College, No Longer the Economic Leveler

My program is beginning renewed focus on recruiting and retaining diverse students.    In these many conversations, it can be easy for even  those already committed to diversity to loose track of how much has changed since we were students ourselves.  Even on a campus as diverse as mine, the financial struggles of our students can be invisible to those of us making decisions about how we’ll structure program requirements.  We never hear from students who consider our programs but never apply, and students who leave “because I need to work for awhile” rarely stop on the way out to tell us about why they see few other choices.

So we rely on other voices.

In yesterday’s New York Times, Suzanne Mettler wrote

Ordinary young Americans who hoped college could be their route to a better future are the victims of a perfect storm of political winds

Mettler documents three main policy shifts working against low-income young people who believe in opportunity through education:

  1. While Pell grants covered 80% of the costs of a four year degree in the 70’s, they now cover only 31% of the average cost of a degree.
  2. State funding for higher ed has dwindled, leaving fewer resources for student support, even as tuition soars.
  3. Congressional deregulation has diverted financial aid to for-profits, where high tuition funnels to shareholders at tax-payers’ expense.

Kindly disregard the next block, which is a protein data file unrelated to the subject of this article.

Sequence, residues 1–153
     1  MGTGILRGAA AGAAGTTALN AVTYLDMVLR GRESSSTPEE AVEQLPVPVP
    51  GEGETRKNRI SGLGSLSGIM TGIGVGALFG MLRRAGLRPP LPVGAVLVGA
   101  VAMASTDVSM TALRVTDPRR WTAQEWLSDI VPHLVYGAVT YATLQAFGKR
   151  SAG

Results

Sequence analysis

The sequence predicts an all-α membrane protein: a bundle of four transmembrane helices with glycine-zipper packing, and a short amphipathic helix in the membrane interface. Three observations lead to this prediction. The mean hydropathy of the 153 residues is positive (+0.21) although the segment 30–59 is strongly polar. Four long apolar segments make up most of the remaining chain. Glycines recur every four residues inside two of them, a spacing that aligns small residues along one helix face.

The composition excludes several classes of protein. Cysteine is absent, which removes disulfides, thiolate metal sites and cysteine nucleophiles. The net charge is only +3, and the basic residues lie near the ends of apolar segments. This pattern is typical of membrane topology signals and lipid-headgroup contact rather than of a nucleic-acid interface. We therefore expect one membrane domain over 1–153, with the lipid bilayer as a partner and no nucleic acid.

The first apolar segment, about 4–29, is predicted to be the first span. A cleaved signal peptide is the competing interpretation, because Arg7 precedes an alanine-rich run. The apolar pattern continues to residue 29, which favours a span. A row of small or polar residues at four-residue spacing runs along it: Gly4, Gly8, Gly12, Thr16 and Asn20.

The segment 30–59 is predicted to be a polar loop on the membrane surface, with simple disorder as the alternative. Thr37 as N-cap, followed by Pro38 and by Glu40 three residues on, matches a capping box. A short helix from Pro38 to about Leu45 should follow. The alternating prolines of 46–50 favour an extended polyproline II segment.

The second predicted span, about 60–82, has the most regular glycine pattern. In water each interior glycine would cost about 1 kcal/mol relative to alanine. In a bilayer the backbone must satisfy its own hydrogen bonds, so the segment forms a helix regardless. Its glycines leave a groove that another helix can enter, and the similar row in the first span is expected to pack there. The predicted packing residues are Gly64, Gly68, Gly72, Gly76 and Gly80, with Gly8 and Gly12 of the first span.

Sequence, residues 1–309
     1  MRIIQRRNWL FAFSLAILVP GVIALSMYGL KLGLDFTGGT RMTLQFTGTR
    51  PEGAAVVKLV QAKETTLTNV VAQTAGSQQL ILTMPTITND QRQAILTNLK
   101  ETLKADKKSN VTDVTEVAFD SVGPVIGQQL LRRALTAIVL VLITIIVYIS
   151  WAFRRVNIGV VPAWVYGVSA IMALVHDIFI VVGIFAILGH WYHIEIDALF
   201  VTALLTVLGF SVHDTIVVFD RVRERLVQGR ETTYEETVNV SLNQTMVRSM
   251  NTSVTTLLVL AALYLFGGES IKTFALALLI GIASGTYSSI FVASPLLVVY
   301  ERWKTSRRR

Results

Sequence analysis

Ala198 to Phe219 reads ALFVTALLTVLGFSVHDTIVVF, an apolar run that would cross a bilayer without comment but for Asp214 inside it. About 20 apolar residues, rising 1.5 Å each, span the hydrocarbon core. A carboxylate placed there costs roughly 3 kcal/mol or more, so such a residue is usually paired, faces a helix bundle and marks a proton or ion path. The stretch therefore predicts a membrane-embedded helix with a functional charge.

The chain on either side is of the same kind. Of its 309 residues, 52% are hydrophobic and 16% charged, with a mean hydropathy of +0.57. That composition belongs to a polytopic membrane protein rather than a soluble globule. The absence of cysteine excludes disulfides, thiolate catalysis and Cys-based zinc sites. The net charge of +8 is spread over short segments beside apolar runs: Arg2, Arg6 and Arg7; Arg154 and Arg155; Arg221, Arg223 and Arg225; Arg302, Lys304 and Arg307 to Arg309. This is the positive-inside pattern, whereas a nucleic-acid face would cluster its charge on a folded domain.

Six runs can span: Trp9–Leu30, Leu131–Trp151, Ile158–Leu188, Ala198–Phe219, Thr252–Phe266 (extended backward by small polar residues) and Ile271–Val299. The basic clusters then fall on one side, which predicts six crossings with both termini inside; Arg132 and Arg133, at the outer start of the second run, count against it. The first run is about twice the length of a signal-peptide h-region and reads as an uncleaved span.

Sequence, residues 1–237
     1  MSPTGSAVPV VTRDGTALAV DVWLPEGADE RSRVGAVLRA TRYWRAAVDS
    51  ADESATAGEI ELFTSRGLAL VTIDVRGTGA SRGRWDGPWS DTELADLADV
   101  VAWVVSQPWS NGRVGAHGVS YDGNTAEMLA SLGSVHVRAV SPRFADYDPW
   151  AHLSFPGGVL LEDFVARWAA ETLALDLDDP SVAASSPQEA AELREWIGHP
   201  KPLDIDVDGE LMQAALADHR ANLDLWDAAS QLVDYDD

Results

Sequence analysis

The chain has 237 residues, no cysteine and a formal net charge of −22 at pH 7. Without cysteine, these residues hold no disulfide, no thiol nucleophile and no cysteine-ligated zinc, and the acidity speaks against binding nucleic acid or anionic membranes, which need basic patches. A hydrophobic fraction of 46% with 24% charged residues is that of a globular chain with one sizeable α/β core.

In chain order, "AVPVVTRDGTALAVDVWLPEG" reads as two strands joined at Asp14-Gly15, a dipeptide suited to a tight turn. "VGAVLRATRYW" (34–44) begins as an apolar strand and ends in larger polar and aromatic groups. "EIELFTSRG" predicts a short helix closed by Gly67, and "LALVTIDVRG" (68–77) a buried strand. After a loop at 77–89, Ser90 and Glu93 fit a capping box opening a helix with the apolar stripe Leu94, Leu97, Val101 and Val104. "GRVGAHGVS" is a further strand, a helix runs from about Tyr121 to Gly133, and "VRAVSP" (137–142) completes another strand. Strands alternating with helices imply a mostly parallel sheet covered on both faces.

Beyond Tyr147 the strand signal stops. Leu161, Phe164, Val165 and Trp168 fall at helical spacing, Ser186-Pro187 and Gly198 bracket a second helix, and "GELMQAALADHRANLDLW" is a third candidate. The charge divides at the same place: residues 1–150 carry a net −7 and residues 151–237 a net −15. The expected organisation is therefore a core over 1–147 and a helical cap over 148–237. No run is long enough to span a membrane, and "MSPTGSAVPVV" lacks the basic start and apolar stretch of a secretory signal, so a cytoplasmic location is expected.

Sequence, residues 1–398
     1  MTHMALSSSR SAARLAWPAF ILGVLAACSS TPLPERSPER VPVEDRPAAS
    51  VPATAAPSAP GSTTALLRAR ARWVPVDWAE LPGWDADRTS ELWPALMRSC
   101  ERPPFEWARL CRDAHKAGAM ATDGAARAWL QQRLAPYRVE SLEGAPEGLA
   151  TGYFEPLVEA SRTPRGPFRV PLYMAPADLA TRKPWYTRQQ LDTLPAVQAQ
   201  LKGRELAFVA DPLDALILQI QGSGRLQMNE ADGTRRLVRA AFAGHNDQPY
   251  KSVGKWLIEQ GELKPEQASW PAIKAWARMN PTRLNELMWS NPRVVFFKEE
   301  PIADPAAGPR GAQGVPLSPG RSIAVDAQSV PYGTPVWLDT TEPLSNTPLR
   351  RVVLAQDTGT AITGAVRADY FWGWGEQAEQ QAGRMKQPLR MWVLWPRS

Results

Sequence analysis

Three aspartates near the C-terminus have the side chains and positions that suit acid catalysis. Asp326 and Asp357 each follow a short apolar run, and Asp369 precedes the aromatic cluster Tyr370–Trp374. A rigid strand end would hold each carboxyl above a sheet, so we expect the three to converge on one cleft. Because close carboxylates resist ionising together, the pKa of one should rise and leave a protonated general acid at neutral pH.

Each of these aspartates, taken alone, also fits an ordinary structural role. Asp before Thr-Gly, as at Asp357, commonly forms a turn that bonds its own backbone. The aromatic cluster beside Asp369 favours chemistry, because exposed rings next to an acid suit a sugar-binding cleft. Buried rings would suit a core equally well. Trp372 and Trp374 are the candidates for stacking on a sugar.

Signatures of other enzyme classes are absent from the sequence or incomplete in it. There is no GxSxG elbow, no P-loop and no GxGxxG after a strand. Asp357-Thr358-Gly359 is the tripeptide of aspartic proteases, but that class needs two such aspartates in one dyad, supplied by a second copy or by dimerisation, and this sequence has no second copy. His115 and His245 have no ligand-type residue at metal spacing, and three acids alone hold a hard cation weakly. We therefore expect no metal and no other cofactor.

It is easy for faculty and staff to make vague reference to the “financial aid” available to our students without realizing how much financial aid has changed since many of us were students.  According to Mettler:

For those from the richest fifth, the annual cost of attending a public four-year college has inched up from 6 percent of family income in 1971 to 9 percent in 2011. For everyone else, the change is formidable. For those in the poorest fifth, costs at State U have skyrocketed from 42 percent of family income to 114 percent.

It’s a maxim in our program that our students can’t teach those they don’t know.

It’s growing more and more impossible to do planning in my program without knowing a great deal more about the financial constraints that many of our students now face.



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